Yesterday while campaigning in California, Sanders said it will be "factually incorrect" that Clinton will clinch the Dem nomination on June 7 because she won't have a majority of "real delegates," per the Washington Post's Dave Weigel. But as the New York Times' Nate Cohn points out, "Sanders needs superdelegates to exist to have a chance of vetoing voters, but he also needs their preferences not to count to survive."Hillary Clinton currently leads by 270 pledged delegates and 770 overall delegates. She is also leading by more than 3 million votes. By any metric, she is winning.
Bottom line: Sanders is moving the goal posts here. In 2008, Barack Obama clinched the Democratic nomination through a combination of pledged delegates and superdelegates. After all, a majority of ALL delegates is 2,383 (out of 4,765), while a majority of pledged delegates is 2,026 (out of 4,051).
To reach the magic number of 2,383 delegates, via a combination of pledged delegates and superdelegates, Clinton only needs to win 8% of the remaining delegates. Sanders, however, needs to wing 92% of the remaining delegates.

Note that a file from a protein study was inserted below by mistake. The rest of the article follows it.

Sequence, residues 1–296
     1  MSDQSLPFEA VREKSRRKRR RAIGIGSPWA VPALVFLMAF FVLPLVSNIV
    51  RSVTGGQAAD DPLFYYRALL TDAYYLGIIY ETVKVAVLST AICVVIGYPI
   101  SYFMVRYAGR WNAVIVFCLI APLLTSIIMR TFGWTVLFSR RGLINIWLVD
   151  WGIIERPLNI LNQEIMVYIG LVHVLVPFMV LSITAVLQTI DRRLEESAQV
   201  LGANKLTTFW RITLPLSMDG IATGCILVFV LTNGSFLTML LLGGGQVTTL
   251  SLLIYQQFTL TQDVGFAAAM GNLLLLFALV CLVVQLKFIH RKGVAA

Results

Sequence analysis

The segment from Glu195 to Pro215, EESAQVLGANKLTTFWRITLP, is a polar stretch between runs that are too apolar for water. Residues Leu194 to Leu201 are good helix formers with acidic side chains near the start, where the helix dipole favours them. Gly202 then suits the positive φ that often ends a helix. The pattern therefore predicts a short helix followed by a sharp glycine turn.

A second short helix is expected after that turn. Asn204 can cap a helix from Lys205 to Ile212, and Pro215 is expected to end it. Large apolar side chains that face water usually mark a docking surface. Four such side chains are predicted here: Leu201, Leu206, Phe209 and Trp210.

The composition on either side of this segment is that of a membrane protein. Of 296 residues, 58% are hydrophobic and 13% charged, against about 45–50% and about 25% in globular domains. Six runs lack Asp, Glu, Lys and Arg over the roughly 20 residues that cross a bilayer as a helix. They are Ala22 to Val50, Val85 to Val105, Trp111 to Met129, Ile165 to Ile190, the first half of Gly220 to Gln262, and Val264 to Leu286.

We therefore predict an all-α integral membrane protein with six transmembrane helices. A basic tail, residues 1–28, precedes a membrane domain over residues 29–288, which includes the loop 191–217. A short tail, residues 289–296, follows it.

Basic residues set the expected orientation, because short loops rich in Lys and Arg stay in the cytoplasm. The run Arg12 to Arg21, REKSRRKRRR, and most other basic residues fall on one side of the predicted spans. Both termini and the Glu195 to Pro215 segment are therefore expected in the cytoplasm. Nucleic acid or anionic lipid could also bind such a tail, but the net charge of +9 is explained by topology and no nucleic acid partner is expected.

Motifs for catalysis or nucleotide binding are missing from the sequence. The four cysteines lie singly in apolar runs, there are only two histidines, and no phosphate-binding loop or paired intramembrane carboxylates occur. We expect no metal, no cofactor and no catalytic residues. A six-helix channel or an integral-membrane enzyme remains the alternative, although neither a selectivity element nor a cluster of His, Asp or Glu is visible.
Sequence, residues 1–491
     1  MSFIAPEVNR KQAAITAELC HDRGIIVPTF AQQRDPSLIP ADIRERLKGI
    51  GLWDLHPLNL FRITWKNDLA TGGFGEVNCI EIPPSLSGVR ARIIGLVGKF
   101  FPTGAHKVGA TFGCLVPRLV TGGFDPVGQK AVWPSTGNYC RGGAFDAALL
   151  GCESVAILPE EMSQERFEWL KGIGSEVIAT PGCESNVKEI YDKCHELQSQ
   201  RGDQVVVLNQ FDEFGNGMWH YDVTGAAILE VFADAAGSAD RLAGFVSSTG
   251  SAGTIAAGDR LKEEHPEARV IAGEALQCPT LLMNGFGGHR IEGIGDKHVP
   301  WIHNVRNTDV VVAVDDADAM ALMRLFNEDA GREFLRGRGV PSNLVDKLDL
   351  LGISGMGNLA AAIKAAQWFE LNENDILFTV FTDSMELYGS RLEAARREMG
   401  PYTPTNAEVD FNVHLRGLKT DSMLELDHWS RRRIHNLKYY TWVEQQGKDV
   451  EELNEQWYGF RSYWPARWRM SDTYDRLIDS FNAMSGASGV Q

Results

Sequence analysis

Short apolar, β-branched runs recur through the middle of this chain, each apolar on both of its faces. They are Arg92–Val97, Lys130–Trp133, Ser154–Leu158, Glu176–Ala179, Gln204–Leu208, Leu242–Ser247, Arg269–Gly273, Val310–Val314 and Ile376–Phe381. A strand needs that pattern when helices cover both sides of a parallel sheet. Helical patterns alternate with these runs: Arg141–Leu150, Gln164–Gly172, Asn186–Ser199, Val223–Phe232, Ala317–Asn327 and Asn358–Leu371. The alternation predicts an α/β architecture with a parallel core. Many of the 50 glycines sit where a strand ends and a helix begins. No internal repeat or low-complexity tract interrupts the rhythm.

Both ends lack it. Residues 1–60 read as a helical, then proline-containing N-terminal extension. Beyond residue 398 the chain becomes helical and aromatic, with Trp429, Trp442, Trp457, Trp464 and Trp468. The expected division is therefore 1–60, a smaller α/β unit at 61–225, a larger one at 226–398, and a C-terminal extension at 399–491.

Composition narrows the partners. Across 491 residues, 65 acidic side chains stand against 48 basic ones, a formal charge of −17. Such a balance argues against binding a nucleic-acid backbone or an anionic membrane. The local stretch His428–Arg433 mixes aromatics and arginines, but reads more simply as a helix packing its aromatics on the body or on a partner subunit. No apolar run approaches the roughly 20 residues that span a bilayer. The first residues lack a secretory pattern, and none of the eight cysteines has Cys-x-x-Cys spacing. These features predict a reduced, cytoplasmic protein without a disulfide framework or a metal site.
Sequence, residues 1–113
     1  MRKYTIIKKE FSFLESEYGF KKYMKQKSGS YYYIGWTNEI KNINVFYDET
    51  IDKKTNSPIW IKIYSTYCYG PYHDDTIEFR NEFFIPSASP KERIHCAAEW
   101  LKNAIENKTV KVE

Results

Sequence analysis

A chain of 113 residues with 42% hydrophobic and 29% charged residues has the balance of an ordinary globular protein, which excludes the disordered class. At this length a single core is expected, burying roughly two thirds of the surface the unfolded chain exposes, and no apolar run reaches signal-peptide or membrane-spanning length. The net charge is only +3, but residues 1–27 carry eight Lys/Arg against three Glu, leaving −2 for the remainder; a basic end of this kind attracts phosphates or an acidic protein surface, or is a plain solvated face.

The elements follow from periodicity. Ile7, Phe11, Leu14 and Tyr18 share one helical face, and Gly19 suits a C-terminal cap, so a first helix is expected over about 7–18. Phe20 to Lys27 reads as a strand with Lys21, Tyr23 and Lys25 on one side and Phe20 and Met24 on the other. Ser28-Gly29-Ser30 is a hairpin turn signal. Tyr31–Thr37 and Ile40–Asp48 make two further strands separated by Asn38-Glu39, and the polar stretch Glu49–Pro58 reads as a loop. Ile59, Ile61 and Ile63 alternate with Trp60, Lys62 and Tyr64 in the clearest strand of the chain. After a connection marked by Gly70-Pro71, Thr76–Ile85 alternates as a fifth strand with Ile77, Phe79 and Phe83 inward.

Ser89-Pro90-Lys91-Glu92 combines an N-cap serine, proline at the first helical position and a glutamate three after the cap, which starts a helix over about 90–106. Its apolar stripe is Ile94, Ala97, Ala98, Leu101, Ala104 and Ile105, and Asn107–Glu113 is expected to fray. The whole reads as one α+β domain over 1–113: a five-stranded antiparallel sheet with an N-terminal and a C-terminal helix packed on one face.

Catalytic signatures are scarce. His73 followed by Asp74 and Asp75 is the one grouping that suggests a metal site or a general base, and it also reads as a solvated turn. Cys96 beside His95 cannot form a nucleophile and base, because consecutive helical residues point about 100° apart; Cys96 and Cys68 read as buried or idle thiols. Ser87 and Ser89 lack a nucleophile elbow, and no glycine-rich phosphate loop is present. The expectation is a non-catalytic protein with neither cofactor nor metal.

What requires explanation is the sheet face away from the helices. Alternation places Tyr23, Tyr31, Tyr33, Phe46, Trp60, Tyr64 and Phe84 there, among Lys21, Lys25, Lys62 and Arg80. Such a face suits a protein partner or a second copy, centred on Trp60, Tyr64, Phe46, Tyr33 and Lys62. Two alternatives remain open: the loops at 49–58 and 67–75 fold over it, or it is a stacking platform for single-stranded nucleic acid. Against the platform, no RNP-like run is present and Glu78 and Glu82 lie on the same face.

So he's making an absurd argument about how superdelegates don't count blah blah.
But even according to Bernie's New Rules, by which Clinton must get a majority in pledged delegates, she still only needs to win 33% of the remaining pledged delegates. He would have to win 67% of the remaining pledged delegates. That is not going to happen.
No matter which way you slice it, he's losing. And not because it's "rigged." But because he just isn't the most popular of the Democratic candidates.
I don't know how many more times I will need to say this, but: There is no conspiracy. It is simply the oldest story in politics. Someone wins, and someone loses. The end.